By now, most of us are on our second or third DSLR camera body, fourth or more for the full time pro shooters, and we’re well entrenched in our new shooting, editing and processing workflows.
Digital photography is the way of the world now, so much so that Chase Jarvis thinks we ought to dump the word “digital” and just go back to calling it photography. Maybe he’s right. We can debate that another day. Go leave a comment on his blog about it if you disagree.
At any rate, let’s take a minute to look back at those pre-digital days. No, not to reminisce and gush about all the reasons why film was so much better than digital. You’ll have to find another blog for that too.
No, just the opposite. We’re going to run down a few of the things we DON’T miss about those long lost days. Follow along – You know what they are.
1. Photo submissions Remember when you had to pull slides from numerous boxes and file drawers when you wanted to send images to a client? And then you had to package them up with cardboard, plastic bags and tape, and then stuff them into a Fed Ex envelope. If you were lucky, the driver came and picked them up, but more likely you got the request at 4:00 PM and had to get it out by 5:00, which meant racing to the nearest Fed Ex dropoff location.
2. Putting slides away Of course every photo that you sent out had to be returned to it’s correct page in the box or file. How many hours did we spend refiling slides or paying someone to do the job each week? I always got behind on that task and to this day there are still pages of slides sitting in my office storage in Colorado that I never got around to refiling before I moved to Alaska.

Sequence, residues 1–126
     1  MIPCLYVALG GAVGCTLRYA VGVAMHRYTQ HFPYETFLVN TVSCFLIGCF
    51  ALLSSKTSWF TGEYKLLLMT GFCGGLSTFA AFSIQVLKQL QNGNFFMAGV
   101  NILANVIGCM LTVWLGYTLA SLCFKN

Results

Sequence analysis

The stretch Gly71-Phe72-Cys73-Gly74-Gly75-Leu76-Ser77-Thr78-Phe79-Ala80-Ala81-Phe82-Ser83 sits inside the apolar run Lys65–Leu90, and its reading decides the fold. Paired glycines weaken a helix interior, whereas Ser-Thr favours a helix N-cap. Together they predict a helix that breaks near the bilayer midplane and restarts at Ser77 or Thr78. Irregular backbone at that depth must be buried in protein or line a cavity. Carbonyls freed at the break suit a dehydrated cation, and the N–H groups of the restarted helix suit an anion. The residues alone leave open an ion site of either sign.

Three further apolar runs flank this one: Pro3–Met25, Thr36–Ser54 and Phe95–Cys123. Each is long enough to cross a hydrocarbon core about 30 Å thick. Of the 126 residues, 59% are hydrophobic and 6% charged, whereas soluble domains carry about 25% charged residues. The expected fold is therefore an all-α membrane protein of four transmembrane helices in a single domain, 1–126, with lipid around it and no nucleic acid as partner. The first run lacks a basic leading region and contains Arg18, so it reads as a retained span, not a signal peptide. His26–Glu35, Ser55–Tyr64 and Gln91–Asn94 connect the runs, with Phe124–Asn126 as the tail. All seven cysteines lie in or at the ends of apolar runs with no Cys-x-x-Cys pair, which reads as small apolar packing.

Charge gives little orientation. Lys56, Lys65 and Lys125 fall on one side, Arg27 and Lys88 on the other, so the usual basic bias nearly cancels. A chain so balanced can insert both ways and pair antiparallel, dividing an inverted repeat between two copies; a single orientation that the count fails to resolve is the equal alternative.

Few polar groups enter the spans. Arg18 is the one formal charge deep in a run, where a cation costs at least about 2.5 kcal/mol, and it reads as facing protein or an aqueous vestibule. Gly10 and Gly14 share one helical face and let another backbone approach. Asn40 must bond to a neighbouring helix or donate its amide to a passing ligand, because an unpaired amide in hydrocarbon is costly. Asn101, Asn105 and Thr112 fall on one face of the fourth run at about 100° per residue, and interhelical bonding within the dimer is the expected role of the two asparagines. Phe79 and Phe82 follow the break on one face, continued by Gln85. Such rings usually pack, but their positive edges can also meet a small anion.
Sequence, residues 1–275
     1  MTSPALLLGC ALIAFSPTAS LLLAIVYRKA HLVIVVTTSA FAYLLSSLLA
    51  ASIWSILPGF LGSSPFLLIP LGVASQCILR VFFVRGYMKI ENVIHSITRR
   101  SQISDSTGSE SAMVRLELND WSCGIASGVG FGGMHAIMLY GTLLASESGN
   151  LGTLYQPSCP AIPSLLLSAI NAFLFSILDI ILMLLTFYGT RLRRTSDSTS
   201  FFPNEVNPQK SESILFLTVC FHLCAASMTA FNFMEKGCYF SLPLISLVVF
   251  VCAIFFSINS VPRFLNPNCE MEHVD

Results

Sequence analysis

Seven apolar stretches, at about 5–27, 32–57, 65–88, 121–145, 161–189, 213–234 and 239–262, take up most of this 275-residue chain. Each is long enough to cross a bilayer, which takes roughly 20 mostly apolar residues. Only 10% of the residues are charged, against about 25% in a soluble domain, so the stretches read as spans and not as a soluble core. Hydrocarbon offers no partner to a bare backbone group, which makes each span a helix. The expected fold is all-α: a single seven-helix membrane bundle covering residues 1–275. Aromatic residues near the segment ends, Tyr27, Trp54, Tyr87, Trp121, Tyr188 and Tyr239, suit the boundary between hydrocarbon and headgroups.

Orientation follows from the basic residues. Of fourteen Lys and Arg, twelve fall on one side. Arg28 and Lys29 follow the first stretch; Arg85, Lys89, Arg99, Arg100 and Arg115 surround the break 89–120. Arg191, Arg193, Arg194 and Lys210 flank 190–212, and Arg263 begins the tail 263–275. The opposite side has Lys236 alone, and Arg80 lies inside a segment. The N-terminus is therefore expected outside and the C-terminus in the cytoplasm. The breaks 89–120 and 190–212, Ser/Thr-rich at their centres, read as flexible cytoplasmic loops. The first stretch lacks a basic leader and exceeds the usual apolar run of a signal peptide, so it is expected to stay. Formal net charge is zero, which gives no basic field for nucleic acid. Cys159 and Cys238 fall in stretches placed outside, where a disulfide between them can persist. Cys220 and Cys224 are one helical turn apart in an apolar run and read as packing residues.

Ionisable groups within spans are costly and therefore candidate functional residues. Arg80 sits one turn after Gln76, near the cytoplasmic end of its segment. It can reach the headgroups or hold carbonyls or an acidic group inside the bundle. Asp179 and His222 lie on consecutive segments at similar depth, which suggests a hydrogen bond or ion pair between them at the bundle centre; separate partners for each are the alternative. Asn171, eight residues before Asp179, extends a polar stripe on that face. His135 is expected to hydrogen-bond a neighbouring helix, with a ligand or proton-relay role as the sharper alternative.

3. Scanning slides There was that transition period between film and digital when we discovered the benefits of delivering digitally scanned images to clients. Remember how long it took to scan a page of 20 slides to hi res? Yea, I don’t miss that, although one of these days, I may find myself going back and scanning more of my older work. Not looking forward to that. May just have to outsource.
4. The waiting I actually never really minded waiting for film to come back, it somehow made the whole process more exciting. There was adventure in anticipation. Of course, I was at a different stage in my career back then. I can’t imagine having to wait a full day, or even a whole three hours to see what my images look like now. Oh Lord, thank you for the LCD panel!
5. Having to reload at 36 If you were lucky, you could push it to 37 or 38. Sometimes I could load a manual camera and get 39 frames on a roll of film, but c’mon, 39? Are you serious? Talk about a momentum killer. We’re WAY spoiled now. These days I get 155 14-bit RAW photos on my 4GB cards. I’ll bet that those of you who use 8 and 16 gig cards and can shoot almost the entire day without reloading. How cool is that!
Ok, time to get back to Lightroom.
Dan Bailey is a professional adventure, outdoor and travel photographer based in Anchorage, Alaska. He just published his latest eBook, Making The Image- A Conceptual Guide to Creating Stronger Photographs. Follow his own blog at danbaileyphoto.com/blog, see his daily updates at facebook.com/danbaileyphoto and follow him on Twitter @Danbaileyphoto.